2.       I try to hit the gym at least once or twice a week for about a 45 minute workout. I would add, I have been working out for years and the best thing you could do is hire a few sessions with a personal trainer and first talk to your physical therapist at your HTC if you have one.  Tell both of them you have hemophilia and need exercises that build strength without damaging any of your joints. My workouts consist of:

A. lots of pull ups (awesome exercise and not hard on the joints and you get three exercises all in one.  If you can’t do pull ups, start with lat pull downs)

B. Inverted leg press machine and do high reps and low weight. (15-30 reps with about 3-4 sets)   Also it’s a great way to work your ankle and many times it is easier on it than most exercises but it is not the best if you have bad knees.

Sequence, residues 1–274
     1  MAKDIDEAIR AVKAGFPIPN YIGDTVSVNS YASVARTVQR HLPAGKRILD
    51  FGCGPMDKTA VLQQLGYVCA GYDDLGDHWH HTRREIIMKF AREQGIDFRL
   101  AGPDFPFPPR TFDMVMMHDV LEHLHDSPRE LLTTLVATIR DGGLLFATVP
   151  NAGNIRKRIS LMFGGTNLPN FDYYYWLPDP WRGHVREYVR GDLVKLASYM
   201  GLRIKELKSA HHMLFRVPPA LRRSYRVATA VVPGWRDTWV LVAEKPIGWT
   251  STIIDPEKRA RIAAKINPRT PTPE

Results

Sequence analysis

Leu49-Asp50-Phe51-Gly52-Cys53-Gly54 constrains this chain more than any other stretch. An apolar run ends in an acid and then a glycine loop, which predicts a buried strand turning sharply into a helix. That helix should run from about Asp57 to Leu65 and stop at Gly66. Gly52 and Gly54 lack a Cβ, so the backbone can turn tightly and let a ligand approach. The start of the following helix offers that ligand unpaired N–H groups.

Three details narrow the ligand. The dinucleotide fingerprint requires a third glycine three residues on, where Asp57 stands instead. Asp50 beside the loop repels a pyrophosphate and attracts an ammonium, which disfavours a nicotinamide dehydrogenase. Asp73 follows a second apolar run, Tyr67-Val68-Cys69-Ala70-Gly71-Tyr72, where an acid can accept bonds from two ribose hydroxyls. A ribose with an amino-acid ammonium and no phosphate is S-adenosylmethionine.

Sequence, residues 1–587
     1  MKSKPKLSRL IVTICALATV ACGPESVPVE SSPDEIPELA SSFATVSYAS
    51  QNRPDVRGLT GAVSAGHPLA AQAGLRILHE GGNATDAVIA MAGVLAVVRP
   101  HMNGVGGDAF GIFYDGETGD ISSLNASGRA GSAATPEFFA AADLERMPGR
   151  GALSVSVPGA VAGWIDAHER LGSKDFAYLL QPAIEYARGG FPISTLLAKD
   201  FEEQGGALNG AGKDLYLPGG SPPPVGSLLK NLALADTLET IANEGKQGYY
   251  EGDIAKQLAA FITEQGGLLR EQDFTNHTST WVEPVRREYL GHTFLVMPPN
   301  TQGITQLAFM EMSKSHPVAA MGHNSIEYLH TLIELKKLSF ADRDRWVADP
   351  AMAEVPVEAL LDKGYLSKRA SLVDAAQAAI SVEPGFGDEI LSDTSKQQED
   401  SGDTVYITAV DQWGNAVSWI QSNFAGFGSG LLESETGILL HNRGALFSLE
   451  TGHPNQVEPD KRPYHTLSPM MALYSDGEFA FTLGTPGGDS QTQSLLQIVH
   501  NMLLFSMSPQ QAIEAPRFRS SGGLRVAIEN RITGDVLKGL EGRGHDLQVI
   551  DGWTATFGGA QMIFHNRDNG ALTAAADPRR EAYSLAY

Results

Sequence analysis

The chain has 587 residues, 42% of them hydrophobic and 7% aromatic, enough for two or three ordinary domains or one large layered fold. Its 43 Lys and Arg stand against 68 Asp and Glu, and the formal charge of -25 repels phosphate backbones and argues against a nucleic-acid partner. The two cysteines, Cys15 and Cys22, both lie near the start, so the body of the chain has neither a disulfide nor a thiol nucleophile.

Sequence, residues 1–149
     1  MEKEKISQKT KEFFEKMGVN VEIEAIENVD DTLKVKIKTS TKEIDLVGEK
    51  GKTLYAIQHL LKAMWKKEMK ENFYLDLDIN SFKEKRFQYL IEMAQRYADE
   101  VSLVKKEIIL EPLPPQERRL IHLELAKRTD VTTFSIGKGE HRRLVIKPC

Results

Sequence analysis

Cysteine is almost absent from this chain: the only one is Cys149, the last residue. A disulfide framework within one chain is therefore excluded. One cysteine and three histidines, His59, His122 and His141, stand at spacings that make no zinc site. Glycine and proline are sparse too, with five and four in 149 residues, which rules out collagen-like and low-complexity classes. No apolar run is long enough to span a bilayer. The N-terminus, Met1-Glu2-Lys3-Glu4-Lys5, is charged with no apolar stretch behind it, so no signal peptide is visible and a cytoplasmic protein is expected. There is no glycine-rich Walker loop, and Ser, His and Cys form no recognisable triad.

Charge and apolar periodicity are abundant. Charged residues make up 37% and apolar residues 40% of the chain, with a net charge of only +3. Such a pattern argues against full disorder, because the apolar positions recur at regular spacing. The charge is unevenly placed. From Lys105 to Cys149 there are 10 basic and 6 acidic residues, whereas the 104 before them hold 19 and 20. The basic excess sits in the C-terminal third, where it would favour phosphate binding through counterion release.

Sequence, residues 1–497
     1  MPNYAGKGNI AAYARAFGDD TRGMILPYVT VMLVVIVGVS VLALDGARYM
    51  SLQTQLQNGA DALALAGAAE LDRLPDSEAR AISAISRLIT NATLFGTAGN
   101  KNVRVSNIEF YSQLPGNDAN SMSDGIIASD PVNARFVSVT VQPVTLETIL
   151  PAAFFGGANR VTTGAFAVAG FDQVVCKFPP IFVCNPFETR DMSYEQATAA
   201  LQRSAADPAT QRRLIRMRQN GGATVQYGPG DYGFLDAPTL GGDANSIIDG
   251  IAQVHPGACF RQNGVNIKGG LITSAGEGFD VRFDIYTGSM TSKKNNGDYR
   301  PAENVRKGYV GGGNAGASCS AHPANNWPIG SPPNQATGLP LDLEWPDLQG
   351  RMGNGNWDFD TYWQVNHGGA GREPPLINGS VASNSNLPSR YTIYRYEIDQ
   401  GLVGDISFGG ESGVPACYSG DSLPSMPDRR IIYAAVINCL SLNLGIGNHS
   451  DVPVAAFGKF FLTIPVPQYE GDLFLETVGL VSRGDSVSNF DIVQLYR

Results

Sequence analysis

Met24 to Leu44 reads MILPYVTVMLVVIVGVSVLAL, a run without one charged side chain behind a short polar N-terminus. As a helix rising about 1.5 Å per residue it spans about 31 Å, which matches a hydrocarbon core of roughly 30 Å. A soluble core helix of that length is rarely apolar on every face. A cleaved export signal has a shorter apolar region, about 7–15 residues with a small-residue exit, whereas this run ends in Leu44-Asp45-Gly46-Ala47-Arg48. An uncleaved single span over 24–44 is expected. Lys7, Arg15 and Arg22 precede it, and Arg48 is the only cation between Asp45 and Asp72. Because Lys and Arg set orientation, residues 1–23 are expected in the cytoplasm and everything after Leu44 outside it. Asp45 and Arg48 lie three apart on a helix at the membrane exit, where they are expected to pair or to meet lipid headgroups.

C. Hamstring machine is also a great one and most people can do this one and it is not very hard on the knee at all, it helps stabilize your whole joint and will burn, burn, burn!!!

C.  I do about three bench press sets and either the incline bench press machine or flat  bench.  If you had minor elbow problems you could do bench flys with a lighter weight and that might take some stress off the joints. 

3.       I walk a lot and very fast walking.  Best solution is to get a Fox Terrier like I have because she definitely sets the pace for me which is as fast as you can walk.  You are your own gauge as to what you can do but most guys with hemophilia can walk more than they do.  It’s a great way to drop weight and build muscles somewhat and a great thing to do with your family and pets.